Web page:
I'm not sure I believe this.
Let's start with that which is market-based.
That's MF Global, a major futures clearing house. There was an earningswarning out on them yesterday but that price action suggests something far more serious - like insolvency. Down 40% in one day? That's a bit more than a "warning", don't you think?
If they - and I stress that I know exactly nothing about the firm in terms of its financials - were to blow up, it could produce absolute chaos in the futures markets. Many futures contracts are not covered by SIPC protection, among other problems. Clearing firm bankruptcies are no laughing matter!
Now this may be a street overreaction, but if you remember there were rumors before that turned out to be a "rogue trader" type of event. Now the stock is back to where it was then, all in one day. Not good and until clarity is available you have to be cautious on this one. How? Good question - who clears your futures trades and how sound are they?
Point being, this is potential "black swan" #1.
President Bush has called for opening offshore drilling (its about damn time) but the response of the Democrats was frightening:
"House Democrats responded to President's Bush's call for Congress to lift the moratorium on offshore drilling. This was at an on-camera press conference fed back live.
Among other things, the Democrats called for the government to own refineries so it could better control the flow of the oil supply."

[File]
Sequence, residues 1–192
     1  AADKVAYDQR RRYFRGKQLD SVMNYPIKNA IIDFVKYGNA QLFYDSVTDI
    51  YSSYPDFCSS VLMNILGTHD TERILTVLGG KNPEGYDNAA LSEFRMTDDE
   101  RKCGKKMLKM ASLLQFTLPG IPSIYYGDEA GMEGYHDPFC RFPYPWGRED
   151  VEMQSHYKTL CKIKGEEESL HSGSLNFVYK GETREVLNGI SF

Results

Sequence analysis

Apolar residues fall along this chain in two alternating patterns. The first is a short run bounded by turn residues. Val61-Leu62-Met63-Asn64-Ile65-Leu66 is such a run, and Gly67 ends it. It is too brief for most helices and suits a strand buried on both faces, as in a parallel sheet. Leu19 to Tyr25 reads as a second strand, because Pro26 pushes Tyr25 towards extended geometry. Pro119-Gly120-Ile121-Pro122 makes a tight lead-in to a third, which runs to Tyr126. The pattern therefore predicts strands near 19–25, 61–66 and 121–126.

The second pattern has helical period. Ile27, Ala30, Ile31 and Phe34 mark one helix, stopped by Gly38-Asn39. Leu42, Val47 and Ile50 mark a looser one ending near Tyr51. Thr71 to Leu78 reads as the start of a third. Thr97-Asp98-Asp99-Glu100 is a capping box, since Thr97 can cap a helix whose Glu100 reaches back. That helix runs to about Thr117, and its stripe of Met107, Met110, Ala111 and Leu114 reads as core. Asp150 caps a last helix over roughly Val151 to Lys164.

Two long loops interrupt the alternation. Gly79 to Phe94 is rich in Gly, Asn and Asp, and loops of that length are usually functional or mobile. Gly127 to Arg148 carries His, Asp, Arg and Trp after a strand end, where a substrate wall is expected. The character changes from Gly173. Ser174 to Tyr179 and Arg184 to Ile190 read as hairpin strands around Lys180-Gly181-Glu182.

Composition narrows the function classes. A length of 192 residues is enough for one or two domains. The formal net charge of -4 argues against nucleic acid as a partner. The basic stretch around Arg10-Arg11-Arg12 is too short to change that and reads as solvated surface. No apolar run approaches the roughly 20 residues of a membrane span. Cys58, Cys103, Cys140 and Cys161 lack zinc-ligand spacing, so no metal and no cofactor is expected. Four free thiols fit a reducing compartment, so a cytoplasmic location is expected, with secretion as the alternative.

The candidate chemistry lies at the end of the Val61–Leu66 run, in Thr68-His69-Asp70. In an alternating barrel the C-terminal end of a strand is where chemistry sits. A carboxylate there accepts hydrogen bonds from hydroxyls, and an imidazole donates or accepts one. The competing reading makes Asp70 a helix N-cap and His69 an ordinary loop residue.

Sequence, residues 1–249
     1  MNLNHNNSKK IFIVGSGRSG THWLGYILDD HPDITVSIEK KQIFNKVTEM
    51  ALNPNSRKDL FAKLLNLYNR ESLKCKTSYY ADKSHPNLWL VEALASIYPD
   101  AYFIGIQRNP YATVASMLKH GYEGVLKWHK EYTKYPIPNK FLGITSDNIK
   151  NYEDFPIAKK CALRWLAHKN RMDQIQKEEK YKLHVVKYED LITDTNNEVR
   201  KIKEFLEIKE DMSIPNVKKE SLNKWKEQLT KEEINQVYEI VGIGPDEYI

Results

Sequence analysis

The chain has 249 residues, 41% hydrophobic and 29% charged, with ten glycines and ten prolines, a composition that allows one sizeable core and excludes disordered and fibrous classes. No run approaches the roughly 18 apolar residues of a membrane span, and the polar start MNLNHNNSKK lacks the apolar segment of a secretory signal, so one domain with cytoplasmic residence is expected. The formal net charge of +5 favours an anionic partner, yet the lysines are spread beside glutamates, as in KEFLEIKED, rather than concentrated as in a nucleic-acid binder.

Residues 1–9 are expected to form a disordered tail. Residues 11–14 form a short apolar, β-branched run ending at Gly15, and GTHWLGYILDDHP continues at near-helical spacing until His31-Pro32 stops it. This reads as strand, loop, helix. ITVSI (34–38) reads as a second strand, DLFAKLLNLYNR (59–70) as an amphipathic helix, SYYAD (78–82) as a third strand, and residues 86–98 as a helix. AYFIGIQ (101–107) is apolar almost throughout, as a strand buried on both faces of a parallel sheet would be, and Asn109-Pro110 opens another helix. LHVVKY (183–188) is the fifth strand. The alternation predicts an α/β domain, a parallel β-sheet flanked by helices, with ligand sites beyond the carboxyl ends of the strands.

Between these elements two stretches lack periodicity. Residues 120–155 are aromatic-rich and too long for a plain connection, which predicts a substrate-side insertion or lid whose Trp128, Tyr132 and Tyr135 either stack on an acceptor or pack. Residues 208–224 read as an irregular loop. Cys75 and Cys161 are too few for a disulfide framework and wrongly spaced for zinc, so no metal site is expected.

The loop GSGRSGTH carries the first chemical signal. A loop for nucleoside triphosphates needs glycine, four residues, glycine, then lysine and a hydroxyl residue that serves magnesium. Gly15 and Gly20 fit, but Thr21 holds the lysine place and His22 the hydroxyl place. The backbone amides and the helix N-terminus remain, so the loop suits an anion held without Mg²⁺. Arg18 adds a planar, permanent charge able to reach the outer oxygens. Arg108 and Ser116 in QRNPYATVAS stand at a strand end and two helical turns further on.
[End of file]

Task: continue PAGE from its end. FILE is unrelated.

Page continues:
Let's start with the facts. The "crack spread", or the difference between a barrel of oil and what gasoline sells for from that oil, is at all-time narrows. What causes this? Simple - refiners know that if they try to get their traditional margin people will buy less and they lose. So they're narrowing their margins!
What does this means to you? It means you're paying less for gasoline right now than you should be on historical measures, compared to the price of oil.
Now do you really think that government can do this job at a lower margin? Pull the other kids. Government does this and the price of gasoline will probably go up by $1/gallon!
Now there is a "black swan"!
Let me be clear - opening the continental shelf to offshore drilling will not immediately solve our energy problems. Standing alone, it makes only a temporary dent in the problem. As I have pointed out before in Musings, we have to put forward and prosecute a full solution to this problem, because whether oil is biotic (as most scientists think) or aboitic (as some believe) the fact remains that we're drawing it out of the earth at a rate which guarantees depletion. This doesn't mean that "we're going to run out!" but it does mean that the cheap, easy oil has been extracted and the average cost of extracting a barrel from the ground is only going to go higher over time. Since energy is an absolute requirement to grow and maintain GDP, we better get this sorted out or we are headed for some severe pain.
You want worse? FHA is (again) trying to kill "down payment assistance". This needed to die years ago but it keeps on going like the damn Energizer Bunny, and there are "non profits" who have a metric ton of business coming off this lobbying like crazy to keep it.
Absolutely nothing, by the way, has changed a bit with regards to Fannie and Freddie underlying this entire market. If anything its getting worse, as The Senate appears hellbent on passing their $300 billion "let's bail everyone out" bill.